Solar storms strip a planet’s atmosphere over time, and only a strong magnetosphere would be able to provide maximum protection. Lunar samples gathered by NASA’s Apollo missions recently revealed that the Moon had its own global magnetosphere, lasting from about 4.25 to 2.5 billion years ago. According to new research, the Earth-Moon coupled magnetospheres presented a previously unrecognized protective barrier against the solar wind for our home planet, reducing Earth’s atmospheric loss to space.
Planetary researchers once thought that the Moon never had a long-lasting global magnetic field because it has such a small core.
They have long known about Earth’s magnetic field, which causes the beautifully colored aurorae in the Arctic and Antarctic regions.
Like Earth, the heat from the Moon’s formation would have kept iron flowing deep inside, although not for nearly as long because of its size.
“It’s like baking a cake: You take it out of the oven, and it’s still cooling off. The bigger the mass, the longer it takes to cool off,” said lead author Dr. James Green, chief scientist at NASA’s Headquarters in Washington, DC.
Dr. Green and colleagues created a computer model to look at the behavior of the magnetic fields of the Earth and Moon about 4 billion years ago.
At certain times, the Moon’s magnetosphere would have served as a barrier to the harsh solar radiation raining down on the Earth-Moon system.
That’s because, according to the model, the magnetospheres of the Moon and Earth would have been magnetically connected in the polar regions of each object.
Importantly for the evolution of Earth, the high-energy solar wind particles could not completely penetrate the coupled magnetic field and strip away the atmosphere.
But there was some atmospheric exchange, too. The extreme UV light from the Sun would have stripped electrons from neutral particles in Earth’s uppermost atmosphere, making those particles charged and enabling them to travel to the Moon along the lunar magnetic field lines. This may have contributed to the Moon maintaining a thin atmosphere at that time, too.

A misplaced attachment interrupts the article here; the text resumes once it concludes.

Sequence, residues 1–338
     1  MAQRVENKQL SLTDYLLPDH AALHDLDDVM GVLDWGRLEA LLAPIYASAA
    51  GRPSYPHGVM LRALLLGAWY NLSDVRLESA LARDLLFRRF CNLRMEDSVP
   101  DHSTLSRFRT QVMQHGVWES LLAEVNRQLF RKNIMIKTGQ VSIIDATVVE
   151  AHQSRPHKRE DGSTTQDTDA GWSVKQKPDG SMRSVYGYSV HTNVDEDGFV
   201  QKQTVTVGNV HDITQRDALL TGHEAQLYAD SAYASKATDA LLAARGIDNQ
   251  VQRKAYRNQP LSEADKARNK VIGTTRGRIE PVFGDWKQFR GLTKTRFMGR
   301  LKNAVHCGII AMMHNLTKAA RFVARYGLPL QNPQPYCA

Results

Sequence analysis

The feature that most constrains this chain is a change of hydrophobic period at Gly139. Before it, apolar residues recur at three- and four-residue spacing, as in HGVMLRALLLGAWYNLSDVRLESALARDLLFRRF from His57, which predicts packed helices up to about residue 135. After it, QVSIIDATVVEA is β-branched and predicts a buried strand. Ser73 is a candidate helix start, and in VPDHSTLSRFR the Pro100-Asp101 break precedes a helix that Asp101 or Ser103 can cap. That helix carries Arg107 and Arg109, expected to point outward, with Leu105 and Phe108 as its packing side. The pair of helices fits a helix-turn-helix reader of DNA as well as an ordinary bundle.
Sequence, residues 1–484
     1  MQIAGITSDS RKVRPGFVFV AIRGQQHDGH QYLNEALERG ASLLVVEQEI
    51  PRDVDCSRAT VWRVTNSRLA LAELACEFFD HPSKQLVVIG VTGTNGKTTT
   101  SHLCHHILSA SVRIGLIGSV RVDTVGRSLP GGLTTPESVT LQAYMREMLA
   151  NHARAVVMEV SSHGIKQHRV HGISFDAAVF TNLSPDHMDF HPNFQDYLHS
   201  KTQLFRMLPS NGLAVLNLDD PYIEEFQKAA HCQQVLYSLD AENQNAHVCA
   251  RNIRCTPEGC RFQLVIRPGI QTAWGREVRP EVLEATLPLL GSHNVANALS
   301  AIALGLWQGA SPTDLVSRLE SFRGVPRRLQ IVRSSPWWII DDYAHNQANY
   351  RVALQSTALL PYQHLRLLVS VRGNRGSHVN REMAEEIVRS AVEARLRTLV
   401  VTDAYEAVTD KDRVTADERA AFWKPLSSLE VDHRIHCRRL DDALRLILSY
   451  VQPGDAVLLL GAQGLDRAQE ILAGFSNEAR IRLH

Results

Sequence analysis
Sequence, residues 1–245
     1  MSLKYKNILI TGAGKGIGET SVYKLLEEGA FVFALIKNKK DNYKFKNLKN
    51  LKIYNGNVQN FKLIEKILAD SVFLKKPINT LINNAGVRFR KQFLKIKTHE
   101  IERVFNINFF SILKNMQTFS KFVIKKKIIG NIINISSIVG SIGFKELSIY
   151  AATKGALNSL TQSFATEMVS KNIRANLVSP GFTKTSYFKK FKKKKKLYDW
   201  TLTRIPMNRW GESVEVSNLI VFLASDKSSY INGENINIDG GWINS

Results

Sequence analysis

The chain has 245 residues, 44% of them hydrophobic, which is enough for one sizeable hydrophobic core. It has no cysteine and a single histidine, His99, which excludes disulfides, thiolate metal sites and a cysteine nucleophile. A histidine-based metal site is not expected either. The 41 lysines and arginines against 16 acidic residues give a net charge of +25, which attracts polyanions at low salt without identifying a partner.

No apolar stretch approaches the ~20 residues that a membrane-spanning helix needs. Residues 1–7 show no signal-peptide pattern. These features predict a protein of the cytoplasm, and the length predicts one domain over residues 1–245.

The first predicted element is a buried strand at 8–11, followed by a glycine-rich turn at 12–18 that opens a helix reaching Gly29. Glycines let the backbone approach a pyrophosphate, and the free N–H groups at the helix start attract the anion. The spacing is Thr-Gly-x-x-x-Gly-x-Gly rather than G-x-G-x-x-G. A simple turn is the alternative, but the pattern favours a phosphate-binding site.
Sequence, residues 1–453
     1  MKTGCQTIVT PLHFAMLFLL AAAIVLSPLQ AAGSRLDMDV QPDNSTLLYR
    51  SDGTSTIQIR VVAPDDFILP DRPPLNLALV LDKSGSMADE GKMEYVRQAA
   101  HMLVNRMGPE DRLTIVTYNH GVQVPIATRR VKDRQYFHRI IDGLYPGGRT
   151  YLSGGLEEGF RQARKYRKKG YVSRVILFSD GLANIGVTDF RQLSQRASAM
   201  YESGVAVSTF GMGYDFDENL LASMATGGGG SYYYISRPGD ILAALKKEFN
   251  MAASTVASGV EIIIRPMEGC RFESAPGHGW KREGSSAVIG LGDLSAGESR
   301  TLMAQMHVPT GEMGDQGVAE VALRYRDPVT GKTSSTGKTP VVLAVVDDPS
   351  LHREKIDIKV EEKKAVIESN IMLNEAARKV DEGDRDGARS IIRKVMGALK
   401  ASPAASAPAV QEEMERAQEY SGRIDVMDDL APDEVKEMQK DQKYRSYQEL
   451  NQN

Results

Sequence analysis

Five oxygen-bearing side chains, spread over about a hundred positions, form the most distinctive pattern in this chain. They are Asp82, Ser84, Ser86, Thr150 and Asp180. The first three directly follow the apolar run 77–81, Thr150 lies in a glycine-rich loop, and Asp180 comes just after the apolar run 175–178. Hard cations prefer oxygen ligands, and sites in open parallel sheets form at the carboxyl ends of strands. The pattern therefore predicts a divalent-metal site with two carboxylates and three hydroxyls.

The discovery of nitrogen in lunar rock samples support the idea that Earth’s atmosphere, which is dominated by nitrogen, contributed to the Moon’s ancient atmosphere and its crust.
The scientists calculate that this shared magnetic field situation, with Earth and Moon’s magnetospheres joined, could have persisted from 4.1 to 3.5 billion years ago.
“Understanding the history of the Moon’s magnetic field helps us understand not only possible early atmospheres, but how the lunar interior evolved,” said co-author Dr. David Draper, deputy chief scientist at NASA’s Headquarters in Washington, DC.
“It tells us about what the Moon’s core could have been like — probably a combination of both liquid and solid metal at some point in its history — and that is a very important piece of the puzzle for how the Moon works on the inside.”
Over time, as the Moon’s interior cooled, our nearest neighbor lost its magnetosphere, and eventually its atmosphere.
The field must have diminished significantly 3.2 billion years ago, and vanished by about 1.5 billion years ago. Without a magnetic field, the solar wind stripped the atmosphere away.
“If our Moon played a role in shielding our planet from harmful radiation during a critical early time, then in a similar way, there may be other moons around terrestrial exoplanets in our Milky Way Galaxy that help preserve atmospheres for their host planets, and even contribute to habitable conditions,” the authors said.
“This would be of interest to the field of astrobiology — the study of the origins of life and the search for life beyond Earth.”
The study was published in the journal Science Advances.
James Green et al. 2020. When the Moon had a magnetosphere. Science Advances 6 (42): eabc0865; doi: 10.1126/sciadv.abc0865
This article is based on a press-release provided by the National Aeronautics and Space Administration.